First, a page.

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Winter Plant Protection

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Freezing temperatures can be harmful to many landscape plants. However, there are steps you can take to ensure their survival.

Move Plants Inside:
When it’s possible to move a container inside your home, do so. A garage, shed or other external space will also provide some insulation to keep plants safe. If you do not have room inside to move containers, try moving potted plants next to the house, especially along a sunny, south-facing wall to get some added warmth from the walls.

Mulch:
A fresh layer of mulch will provide added insulation for the landscape’s root system. If possible, mulch up to the stem to provide as much coverage and insulation as possible. Mulch can also be applied to the surface of container plants for a bit of protection. Freshly planted and young specimen trees as well as flower beds can benefit from a fresh layer of mulch to help with moisture control. This will help insulate the roots and can protect the plant’s crown.

Cover:
Covering plants is one of the easiest and best ways to provide additional freeze protection. Low-growing bedding plants and ground covers can be blanket-covered with fabric or plastic. Container plants that cannot be moved to a warmer location should be grouped together and blanket-covered. Make sure the cover reaches the ground because it’s the root system that needs to be protected- not the foliage.
If a cover is draped over the top of a shrub or tree, but does not completely touch the ground, all the soil warmth will be lost. If you cannot enclose the plant, it is better to wrap the covers around the base of the plant. Make sure to remove the cover when above when above freezing and during the day to let the plant get sunlight. It is fine to leave a cover on for a few days if needed, but remaining covered for too long can have detrimental outcomes.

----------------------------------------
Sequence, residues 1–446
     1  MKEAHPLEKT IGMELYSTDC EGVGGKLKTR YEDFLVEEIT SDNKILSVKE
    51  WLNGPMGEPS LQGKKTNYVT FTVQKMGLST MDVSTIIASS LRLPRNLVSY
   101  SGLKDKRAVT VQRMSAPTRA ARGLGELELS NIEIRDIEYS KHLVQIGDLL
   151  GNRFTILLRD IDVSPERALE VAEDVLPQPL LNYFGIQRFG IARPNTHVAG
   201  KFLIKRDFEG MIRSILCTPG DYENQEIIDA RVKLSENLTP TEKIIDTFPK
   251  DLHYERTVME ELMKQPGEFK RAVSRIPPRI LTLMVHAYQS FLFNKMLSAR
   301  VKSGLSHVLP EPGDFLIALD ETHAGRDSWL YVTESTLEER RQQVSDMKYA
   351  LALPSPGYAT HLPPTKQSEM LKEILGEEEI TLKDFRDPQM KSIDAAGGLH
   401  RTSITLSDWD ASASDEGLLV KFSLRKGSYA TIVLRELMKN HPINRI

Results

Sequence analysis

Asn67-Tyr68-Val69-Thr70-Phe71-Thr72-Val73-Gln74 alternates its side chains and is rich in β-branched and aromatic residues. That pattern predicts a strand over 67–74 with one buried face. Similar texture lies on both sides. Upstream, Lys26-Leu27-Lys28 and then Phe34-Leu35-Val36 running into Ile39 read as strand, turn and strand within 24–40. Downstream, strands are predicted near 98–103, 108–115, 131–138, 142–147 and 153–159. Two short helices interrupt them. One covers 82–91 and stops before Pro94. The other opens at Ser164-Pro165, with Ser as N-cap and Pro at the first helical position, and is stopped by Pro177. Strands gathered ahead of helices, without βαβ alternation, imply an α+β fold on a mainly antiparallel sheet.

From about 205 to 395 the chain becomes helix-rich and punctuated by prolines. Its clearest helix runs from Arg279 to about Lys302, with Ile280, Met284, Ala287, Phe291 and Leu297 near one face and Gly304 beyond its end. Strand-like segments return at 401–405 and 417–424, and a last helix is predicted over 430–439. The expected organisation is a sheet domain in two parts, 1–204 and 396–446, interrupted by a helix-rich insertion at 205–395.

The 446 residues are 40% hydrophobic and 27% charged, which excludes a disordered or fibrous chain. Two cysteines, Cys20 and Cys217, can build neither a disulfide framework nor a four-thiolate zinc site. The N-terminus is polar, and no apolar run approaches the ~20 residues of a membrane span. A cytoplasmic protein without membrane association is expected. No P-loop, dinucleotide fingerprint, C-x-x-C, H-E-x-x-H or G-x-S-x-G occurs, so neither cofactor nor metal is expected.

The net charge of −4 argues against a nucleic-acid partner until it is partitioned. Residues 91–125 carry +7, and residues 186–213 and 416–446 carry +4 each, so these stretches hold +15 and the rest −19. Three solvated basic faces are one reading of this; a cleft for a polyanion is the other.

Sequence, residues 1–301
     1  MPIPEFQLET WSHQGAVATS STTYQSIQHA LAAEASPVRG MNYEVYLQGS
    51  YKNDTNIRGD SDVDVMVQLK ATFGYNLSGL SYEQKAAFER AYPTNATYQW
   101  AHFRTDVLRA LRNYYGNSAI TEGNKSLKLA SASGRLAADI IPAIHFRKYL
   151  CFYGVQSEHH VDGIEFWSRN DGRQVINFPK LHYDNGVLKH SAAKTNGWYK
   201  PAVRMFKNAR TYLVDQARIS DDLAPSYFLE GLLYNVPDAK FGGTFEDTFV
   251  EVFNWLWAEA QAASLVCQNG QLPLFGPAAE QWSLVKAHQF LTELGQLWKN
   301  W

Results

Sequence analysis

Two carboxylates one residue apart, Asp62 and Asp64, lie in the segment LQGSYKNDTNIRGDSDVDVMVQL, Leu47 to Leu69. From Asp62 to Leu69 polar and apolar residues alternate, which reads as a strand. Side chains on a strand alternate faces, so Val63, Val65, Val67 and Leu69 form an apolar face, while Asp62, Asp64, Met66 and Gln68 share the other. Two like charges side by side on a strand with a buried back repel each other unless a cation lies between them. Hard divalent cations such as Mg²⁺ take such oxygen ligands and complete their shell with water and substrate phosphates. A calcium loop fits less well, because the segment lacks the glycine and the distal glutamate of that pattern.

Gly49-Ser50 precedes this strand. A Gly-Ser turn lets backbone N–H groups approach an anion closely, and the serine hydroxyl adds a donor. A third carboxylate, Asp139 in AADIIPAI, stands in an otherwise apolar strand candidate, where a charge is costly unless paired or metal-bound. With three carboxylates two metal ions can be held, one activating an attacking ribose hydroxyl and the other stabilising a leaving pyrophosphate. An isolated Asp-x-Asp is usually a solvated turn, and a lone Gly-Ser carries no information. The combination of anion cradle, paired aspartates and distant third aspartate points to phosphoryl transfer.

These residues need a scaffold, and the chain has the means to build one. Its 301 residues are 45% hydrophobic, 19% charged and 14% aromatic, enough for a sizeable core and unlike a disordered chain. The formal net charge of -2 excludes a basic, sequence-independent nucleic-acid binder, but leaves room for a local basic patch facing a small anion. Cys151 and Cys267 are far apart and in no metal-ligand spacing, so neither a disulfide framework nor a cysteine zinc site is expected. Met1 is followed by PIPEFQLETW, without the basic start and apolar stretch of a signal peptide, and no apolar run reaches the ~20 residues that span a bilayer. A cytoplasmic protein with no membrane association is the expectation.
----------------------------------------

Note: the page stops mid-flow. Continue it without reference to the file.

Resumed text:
The north and west sides of your house will get colder than the south and east sides.

Remember: the goal is to keep the root system insulated as opposed to just the foliage. If possible, place some soil or heavy material at the base of the cover to hold the sheet or plastic to the ground to create a heat seal. Take additional care to ensure you do not break any branches. Also, container-grown plants are more susceptible to freezes than landscape plants because the root system does not have the soil as an insulator.

Watering:
Make sure you water prior to a freeze if the soil is dry. Freezes often are accompanied by dry winds, which can dry plants out.

Pruning:
Pruning should be ceased near freezes. Pruning generally pushes for new growth to start, which is susceptible to cold temperatures. Hold off the urge to prune poor-looking plant materials directly after freezes as well. Often it will take many days, weeks or even months to assess true winter damage! Scratch the stem lightly with a knife or even your fingernail. If there is a green tissue underneath, the branch is alive.  Pruning can be done to deciduous ornamentals once they have lost their foliage. Do not prune anything for a week or more after a freeze. It often takes a week or so for all the damage to become evident. Generally, it’s a good idea to delay hard pruning of woody tropical plants, such as hibiscus, until new growth begins in the spring. That way, you can accurately determine which is alive and which is not.

-In your lawn, spread winterizer to help store the necessary nutrients it will need during colder months.

-For trees & shrubs, only apply slow release feeders to keep nutrients in the ground at this time of the year. Now is also the time to amend the PH in your beds and lawns. (Lime & sulfur.)

-Less hardy material, such as certain palms and tropical plants will benefit from simple techniques to keep freeze damage at a minimum.

-Any concerns regarding your pipes or watering systems can usually be taken care of by shutting the water off during hard freezing temperatures, and draining lines.

-If vegetables or citrus are growing, harvest any before a freeze, and protect the plants.